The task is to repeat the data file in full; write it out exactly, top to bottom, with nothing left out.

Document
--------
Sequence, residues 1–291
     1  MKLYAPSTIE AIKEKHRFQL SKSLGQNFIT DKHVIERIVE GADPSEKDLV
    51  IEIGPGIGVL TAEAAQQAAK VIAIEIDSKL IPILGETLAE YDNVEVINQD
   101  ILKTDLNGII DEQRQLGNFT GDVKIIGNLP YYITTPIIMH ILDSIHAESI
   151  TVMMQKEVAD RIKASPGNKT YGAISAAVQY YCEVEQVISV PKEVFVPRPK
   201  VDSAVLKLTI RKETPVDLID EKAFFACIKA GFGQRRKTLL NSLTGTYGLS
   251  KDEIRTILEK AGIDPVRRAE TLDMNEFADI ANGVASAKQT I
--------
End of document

Sequence, residues 1–291
     1  MKLYAPSTIE AIKEKHRFQL SKSLGQNFIT DKHVIERIVE GADPSEKDLV
    51  IEIGPGIGVL TAEAAQQAAK VIAIEIDSKL IPILGETLAE YDNVEVINQD
   101  ILKTDLNGII DEQRQLGNFT GDVKIIGNLP YYITTPIIMH ILDSIHAESI
   151  TVMMQKEVAD RIKASPGNKT YGAISAAVQY YCEVEQVISV PKEVFVPRPK
   201  VDSAVLKLTI RKETPVDLID EKAFFACIKA GFGQRRKTLL NSLTGTYGLS
   251  KDEIRTILEK AGIDPVRRAE TLDMNEFADI ANGVASAKQT I